6. The last morning is always a bitter sweet one- you want something special, but know that time is against you. I was determined to spend the first light with a good subject. So we drove quickly out of camp and 5 min before sunrise found a herd of elephant in some mopane bush. I positioned the vehicle in an open area and waited. Almost at the exact moment the sun painted the landscape a pink hue, the elephants emerged from the bush and sauntered into the open grassland. Another perfect photographic moment. The herd walked right past us and along towards the river.
It was to be an elephant morning, as more herds joined the one we were with. It resulted in a single sighting of about 100 elephant drinking, playing, feeding and just enjoying life all around us. We read the path they were headed on and drove ahead of them to position ourselves in an open river bed. After a wait of about 15 minutes- a whole herd, strung out in one long line crosses the Matebole River. It was scene reminiscent of the classic scenes of Africa and believe me, the cameras were clicking. The backdrop of large riverine trees and a rocky hill provided the perfect scene for the elephants. It will long go down as one of the best parting scenes for a photo workshop. Driving back to camp a male lion gave us our last farewell- a fitting end to another very productive photo workshop at Mashatu.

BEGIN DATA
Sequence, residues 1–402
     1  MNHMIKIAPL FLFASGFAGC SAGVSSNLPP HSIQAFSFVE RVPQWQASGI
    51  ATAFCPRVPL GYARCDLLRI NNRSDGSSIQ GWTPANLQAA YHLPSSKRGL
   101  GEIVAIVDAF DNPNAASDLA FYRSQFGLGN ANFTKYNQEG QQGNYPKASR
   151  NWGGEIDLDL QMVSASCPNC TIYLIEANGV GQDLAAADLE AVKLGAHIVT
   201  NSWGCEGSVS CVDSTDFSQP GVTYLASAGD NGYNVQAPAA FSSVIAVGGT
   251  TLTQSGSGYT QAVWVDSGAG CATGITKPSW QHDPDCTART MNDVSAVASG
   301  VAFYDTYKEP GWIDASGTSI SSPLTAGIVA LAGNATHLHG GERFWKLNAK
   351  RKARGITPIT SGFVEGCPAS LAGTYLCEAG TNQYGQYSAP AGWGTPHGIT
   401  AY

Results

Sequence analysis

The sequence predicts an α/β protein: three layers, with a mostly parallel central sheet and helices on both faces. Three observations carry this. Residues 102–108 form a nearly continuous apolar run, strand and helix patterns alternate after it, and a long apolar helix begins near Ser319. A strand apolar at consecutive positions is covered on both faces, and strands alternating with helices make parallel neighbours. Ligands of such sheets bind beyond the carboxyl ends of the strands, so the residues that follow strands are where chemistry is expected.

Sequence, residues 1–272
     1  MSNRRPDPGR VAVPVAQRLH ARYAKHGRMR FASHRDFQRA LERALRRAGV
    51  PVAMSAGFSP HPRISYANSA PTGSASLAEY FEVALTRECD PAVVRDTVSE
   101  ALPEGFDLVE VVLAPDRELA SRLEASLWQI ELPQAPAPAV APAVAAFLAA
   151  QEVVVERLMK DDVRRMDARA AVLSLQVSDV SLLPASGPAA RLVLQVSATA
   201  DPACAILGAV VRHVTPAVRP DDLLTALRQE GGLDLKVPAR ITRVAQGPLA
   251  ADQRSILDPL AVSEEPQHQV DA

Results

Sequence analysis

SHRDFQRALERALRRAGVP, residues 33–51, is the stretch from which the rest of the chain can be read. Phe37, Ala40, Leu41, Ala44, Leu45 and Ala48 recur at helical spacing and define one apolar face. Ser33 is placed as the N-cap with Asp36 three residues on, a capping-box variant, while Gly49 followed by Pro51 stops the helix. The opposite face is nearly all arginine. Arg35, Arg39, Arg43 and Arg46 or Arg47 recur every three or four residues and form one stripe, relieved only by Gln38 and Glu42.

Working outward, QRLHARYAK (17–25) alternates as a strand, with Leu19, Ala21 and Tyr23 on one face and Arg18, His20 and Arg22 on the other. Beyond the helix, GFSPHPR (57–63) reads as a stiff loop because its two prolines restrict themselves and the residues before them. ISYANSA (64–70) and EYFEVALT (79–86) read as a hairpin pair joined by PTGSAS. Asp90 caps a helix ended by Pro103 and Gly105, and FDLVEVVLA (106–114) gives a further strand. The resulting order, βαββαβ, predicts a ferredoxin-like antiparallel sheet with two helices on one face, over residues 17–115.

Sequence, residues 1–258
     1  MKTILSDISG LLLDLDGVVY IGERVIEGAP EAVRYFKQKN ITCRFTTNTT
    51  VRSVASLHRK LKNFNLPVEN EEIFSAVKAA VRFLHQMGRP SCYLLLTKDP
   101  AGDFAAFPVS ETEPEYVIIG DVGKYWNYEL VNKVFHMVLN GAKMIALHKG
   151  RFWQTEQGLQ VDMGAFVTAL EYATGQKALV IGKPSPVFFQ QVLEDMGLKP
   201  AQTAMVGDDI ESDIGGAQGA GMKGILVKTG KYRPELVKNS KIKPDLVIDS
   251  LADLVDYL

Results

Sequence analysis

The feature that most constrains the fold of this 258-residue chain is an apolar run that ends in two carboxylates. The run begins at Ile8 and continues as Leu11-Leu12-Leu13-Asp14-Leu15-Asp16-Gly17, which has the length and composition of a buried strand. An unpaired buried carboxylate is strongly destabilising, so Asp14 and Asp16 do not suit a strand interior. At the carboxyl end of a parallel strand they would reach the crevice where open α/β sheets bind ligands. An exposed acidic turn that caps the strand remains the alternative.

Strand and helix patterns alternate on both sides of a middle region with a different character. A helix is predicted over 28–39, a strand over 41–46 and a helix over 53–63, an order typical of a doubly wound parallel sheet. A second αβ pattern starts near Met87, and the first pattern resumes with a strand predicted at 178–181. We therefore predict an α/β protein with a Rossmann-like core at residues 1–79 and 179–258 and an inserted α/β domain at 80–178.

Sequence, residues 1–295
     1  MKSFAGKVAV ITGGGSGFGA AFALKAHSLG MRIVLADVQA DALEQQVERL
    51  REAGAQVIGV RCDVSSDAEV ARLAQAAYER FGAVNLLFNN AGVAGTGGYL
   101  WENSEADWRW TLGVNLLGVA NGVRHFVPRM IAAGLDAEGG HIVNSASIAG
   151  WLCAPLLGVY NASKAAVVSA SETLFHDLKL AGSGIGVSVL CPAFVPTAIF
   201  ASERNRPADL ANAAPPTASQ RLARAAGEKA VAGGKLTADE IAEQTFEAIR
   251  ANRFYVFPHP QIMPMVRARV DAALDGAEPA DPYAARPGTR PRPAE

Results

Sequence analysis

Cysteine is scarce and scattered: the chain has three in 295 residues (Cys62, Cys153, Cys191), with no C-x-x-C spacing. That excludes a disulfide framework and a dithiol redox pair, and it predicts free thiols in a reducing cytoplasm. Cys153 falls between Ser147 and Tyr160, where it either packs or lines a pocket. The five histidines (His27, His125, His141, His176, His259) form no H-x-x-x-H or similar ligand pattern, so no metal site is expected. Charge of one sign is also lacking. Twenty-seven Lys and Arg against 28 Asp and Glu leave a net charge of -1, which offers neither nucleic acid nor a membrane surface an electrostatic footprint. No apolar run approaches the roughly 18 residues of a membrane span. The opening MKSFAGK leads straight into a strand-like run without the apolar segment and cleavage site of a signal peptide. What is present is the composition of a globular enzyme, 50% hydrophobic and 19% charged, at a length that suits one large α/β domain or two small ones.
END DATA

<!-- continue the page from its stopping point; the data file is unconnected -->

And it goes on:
Of course there were discussions and chats regarding wildlife photography and I delivered presentations on camera technique, light and composition etc. But the success of a workshop revolves around the quality of the sightings that you see and photograph. In this regard, with the wildlife sightings and the photo opportunities we had, this photo workshop passed with flying colours.
View a video taken while on a photo workshop here.
Wednesday, March 18, 2009
In June 2008, we held a photo workshop at our favourite game reserve; Mashatu.
Having done about 10 Photo workshops there before, we decided to show those of you who have not been on a workshop exactly what we do while we are out in this arid wilderness. With the able help of Zendré and Christa Lategan who filmed and edited the video, the Mashatu Workshop Video was produced.
So with out many more words about what we saw and photographed and how great it was and what brilliant light we had on the lion kill, below is the video link.
Let us know your thoughts on the comments!
Monday, March 16, 2009
Of course, these palatable flowers also attract the elephants, in numbers of up to a hundred animals in a herd. Mashatu offers such contrasts in seasons. In August we photographed the elephants in dust and brown soil- now we expect to see them in a swath of green and yellow.
Lastly: cheetah. The impala young are still small and the herds are attracted to the fresh green flowers. This in turn attracts the cheetahs, which make short work of impala young- this makes for very exciting sightings and photography. C4 Images and Safaris have been to Mashatu for the last three years in the month of March and every time delivered good cheetah sightings.
So it promises to be a thrilling Photo Workshop. I for one am very excited for this, the first workshop of the year (I missed the last two workshops of 2008…). To see more about our photo workshops, check here.